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Songwriting Session: CMA Week Edition
CATEGORIES: Songwriting Session

nashville postcard

Songwriting Session is a new weekly column that goes behind-the-scenes with artists and songwriters. Each Sunday, a new songwriter will share their journey and provide lessons they’ve learned along the way. This week, I feature interviews from 15 Nashville songwriters from the SESAC Awards Red Carpet and the Songwriter of the Year After-Party during CMA Awards week. I asked each songwriter what was the best advice on songwriting they’ve ever received. Here’s what they told me:


Lady Antebellum’s Hillary Scott: “My first publishing deal was with Victoria Shaw. I was a young writer when I started working with her. She would always say, ‘Just dare to suck.’ I think that’s so important when you go into a writing room with people you know or maybe it’s new people you’ve never worked with before. I think it’s so important to just . . . if you throw out a line, even if it’s terrible it might lead someone else next to you to the right one. You can always be that catalyst and give them alley-oop to get to the right line. It’s a funny quote but that would be mine. Don’t be afraid to suck. [Songwriting] is truly a muscle. I can tell you, touring as much as we toured, we don’t write as often. It’s not as much a routine. It really needs to be like going to the gym. It’s a fitness that you have to get to. It’s important to have that frequency with it because you start to be able to gauge, ‘That was good. That wasn’t as good. This was awesome. This has potential.’ Whenever you write a line or two it gives you that perspective.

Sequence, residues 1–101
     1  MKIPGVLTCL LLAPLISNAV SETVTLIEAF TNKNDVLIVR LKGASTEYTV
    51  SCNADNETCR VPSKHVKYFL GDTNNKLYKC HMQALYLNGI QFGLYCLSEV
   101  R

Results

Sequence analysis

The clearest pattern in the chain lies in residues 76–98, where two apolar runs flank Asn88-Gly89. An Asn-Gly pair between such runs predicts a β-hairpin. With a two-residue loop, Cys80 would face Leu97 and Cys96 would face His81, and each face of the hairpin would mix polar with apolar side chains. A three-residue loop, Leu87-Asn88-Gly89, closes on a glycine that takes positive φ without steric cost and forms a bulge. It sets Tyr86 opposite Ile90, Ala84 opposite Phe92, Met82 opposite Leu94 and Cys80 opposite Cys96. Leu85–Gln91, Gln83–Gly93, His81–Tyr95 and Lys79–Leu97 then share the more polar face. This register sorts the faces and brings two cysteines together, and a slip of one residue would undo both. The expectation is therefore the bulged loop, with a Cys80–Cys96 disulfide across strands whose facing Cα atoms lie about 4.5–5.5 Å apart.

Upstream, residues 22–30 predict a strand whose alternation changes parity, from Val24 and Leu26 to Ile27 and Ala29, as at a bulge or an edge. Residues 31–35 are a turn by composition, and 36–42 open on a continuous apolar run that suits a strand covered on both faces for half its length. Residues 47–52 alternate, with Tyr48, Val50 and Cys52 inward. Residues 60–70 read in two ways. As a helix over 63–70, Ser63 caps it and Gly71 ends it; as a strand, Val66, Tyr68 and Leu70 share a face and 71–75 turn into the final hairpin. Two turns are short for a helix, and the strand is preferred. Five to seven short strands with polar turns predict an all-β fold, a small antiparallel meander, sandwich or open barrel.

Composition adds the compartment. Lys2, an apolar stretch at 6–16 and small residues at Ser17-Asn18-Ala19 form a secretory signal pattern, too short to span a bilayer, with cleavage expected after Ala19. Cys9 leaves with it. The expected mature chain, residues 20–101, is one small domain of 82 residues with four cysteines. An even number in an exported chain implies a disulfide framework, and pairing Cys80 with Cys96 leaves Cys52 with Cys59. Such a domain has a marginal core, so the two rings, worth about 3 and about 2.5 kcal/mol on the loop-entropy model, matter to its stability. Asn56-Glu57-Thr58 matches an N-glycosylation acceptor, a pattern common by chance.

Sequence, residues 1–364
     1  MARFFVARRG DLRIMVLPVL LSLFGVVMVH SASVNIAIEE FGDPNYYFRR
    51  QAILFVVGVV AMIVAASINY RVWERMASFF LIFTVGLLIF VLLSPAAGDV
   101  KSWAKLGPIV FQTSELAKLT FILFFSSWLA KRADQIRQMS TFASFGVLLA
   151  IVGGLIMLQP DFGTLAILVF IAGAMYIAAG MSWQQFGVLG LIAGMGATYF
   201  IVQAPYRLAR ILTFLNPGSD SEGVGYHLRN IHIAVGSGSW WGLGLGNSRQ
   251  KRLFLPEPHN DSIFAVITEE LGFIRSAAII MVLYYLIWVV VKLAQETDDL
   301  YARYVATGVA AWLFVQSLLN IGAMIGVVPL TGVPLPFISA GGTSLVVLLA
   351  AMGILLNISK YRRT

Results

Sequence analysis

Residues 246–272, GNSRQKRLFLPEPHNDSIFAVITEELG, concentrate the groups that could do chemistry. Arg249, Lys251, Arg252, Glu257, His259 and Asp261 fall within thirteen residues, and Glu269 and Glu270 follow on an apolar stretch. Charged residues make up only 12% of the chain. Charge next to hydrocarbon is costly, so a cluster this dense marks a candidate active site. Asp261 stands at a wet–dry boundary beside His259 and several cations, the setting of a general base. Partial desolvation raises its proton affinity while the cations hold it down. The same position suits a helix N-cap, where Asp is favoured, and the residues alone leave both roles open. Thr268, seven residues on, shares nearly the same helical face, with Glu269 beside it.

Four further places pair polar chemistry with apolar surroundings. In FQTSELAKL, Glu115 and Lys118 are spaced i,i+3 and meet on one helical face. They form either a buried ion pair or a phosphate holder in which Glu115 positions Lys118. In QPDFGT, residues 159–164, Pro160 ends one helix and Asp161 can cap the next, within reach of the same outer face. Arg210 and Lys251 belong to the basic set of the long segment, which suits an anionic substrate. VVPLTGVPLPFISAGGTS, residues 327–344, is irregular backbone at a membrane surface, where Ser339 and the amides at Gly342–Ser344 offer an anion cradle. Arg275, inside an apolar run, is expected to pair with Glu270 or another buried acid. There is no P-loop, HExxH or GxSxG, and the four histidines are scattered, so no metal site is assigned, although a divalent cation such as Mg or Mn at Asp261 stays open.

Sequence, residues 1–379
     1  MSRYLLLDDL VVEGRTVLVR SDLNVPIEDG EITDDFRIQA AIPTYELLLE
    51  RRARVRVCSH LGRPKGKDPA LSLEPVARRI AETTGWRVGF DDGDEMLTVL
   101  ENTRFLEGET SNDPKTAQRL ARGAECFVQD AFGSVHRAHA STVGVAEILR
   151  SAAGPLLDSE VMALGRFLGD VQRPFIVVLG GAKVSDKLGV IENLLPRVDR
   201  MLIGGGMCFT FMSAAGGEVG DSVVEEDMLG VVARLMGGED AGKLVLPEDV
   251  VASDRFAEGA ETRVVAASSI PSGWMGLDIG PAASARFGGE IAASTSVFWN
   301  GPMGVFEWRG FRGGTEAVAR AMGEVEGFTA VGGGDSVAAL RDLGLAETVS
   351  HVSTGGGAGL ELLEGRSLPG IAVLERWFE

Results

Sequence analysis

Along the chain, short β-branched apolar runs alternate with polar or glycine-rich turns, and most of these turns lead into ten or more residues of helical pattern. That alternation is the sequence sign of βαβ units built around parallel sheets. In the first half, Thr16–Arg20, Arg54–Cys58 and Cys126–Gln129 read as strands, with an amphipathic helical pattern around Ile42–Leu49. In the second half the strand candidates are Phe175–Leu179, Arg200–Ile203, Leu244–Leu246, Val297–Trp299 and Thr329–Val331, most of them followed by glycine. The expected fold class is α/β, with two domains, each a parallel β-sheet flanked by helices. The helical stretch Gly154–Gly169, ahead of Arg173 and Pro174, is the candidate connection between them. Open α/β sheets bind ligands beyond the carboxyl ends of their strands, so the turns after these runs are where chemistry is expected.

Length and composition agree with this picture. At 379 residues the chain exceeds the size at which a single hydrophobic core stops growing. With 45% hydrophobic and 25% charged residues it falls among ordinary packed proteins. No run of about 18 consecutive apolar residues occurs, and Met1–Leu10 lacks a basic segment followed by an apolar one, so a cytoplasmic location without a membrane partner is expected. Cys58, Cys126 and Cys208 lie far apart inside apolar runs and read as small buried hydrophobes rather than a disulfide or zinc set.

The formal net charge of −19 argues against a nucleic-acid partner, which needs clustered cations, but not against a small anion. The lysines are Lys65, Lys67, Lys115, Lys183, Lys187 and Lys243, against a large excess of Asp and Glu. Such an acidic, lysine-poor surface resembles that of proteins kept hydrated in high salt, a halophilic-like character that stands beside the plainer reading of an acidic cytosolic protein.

Lee Brice: I had someone tell me, take every line and if it don’t make sense then work on it. It’s not worth doing it if it’s just good. Keep working on it and make sure every word, every line, every nuance works. You either put in the work or you don’t. It’s never not hard.

Ashley Gorley: I’ve received a lot of different types of advice. One of them is write every day, it’s a workout. Not to wait on inspiration but just go do it, make it a job. Pre-writing and rewriting are part of writing. Some people forget and they just throw out whatever they think of. The brainstorm process and rewriting process. One of the most important things I was taught early on, don’t be afraid to throw a song away. Don’t waste a day or a week or a month or a year or a career writing decent songs, writing good songs. Everyone wants you for the few great ones, not the million good ones. The willingness to start over daily. Several songs that I’ve gotten an award for, even this week, got written after three hours we spent on something that we all thought were average and then we tossed it in the trash and wrote a new one. I think that separates the successful writers from the non-successful. The willingness to admit that you suck and to try to do better. You gotta go for it.